A second embodiment of a scanner 31 according to the invention is shown in FIGS. 11 and 12. This scanner differs from that of FIGS. 5 and 6 in having three, instead of two, CCD sensors 58, 59 and 71. As in the first embodiment, two of the scanners 58 and 59 are respectively for performing a high-resolution scan of a document to produce bi-level information, and a preferably lower-resolution scan to produce color information. The third CCD sensor 71 is for performing a scan of the document to produce grayscale information directly, rather than having to calculate grayscale information from color data. Preferably, the grayscale sensor 71 has the same resolution as the color sensor 59.

The scanner of FIGS. 11 and 12 also differs from that of FIGS. 5 and 6 as having a second movable mirror 72 or the like so that the light reflected from the document can be directed to any of the three sensors. A third page memory 73 is also provided, for grayscale data. The grayscale page memory 73 represents the same number of pixels, with the same number of bits per pixel, as in each color component of the color image data.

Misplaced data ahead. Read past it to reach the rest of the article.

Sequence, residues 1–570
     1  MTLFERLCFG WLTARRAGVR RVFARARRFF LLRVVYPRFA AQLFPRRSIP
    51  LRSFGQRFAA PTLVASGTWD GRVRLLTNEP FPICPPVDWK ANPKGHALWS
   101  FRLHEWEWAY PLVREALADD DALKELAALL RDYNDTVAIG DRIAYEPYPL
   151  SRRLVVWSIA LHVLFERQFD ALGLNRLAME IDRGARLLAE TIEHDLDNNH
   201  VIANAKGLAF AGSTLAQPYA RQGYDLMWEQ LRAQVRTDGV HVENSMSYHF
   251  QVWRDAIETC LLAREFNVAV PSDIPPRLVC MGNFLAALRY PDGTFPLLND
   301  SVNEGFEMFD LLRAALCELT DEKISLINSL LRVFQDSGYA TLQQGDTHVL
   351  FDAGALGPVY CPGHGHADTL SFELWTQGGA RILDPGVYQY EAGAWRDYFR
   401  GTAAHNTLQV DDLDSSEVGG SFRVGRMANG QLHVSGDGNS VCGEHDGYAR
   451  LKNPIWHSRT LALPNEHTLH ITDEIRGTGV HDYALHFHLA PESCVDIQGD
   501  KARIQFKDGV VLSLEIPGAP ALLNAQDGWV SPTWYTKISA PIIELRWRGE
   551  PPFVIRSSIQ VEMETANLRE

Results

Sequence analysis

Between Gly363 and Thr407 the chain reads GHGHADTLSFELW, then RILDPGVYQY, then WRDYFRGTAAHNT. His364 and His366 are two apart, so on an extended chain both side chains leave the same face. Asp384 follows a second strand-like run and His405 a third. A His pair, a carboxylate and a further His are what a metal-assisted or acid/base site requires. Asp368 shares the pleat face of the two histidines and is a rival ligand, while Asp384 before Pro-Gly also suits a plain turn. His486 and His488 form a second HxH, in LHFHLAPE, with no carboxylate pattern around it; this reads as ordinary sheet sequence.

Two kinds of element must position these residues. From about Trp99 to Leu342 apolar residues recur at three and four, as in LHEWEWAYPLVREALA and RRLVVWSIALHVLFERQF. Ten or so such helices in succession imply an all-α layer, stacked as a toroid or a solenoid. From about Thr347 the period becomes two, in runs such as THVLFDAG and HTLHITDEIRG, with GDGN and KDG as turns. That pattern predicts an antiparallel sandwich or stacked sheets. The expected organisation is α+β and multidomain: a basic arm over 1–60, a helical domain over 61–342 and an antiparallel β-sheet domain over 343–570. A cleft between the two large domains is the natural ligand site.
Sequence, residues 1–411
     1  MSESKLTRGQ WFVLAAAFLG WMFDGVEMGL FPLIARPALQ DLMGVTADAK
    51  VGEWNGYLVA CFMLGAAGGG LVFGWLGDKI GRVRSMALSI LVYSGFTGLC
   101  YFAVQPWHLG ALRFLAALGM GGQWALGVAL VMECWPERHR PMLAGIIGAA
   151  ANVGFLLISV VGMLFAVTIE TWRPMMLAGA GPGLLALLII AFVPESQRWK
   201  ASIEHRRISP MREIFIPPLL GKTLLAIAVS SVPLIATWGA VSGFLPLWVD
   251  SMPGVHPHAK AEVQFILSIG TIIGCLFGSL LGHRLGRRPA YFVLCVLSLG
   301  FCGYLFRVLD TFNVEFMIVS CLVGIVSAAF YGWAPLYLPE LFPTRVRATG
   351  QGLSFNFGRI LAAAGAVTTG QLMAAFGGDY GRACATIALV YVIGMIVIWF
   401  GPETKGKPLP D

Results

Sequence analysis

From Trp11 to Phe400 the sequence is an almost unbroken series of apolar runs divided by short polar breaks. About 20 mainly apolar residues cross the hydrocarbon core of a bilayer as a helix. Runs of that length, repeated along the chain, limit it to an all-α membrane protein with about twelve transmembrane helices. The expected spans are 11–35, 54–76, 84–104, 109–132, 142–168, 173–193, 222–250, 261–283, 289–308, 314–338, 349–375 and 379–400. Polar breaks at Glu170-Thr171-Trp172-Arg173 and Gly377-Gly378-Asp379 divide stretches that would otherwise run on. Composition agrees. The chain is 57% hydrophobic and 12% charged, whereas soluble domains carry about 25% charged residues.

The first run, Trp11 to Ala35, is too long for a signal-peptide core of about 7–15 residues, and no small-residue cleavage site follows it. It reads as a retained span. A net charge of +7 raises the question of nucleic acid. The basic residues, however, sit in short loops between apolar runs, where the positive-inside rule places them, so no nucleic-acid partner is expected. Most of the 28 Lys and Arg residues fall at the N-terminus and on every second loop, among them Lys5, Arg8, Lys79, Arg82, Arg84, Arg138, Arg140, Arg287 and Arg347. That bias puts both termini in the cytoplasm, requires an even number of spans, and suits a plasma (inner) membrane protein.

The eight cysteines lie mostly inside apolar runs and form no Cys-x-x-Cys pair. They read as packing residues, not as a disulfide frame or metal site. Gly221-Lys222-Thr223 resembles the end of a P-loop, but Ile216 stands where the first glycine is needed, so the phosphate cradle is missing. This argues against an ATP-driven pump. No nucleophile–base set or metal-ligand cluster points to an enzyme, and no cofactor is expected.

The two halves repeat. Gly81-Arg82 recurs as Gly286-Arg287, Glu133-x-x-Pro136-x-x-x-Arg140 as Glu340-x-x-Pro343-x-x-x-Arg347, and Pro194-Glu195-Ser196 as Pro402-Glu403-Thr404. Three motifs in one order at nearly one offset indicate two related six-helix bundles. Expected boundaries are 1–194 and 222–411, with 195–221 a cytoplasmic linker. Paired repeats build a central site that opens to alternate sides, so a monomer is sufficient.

FIG. 13 is a flowchart illustrating the operation of the sensor of FIG. 11.

As in the first embodiment, the process in this embodiment begins with placement of a document 52 on the platen 51, and entry of an instruction by the operator to commence scanning. First, the scanner positions movable mirror 56 so as to direct light from the document to the bi-level CCD sensor 58 (step S601). Consequently, this sensor outputs a digital signal consisting of one bit per pixel, for each scan line of the document, and this signal is stored in the bi-level page memory 61, and this information is copied into the document image page memory.

The scanner 31 processes this information to identify blocks of common image type in the page (step S602). This analysis is again carried out using the algorithm disclosed in commonly-assigned application Ser. No. 07/873,012. As in the first embodiment, any other algorithm which will perform the desired analysis may be used instead, but the mentioned one is the preferred manner for carrying out this part of the invention.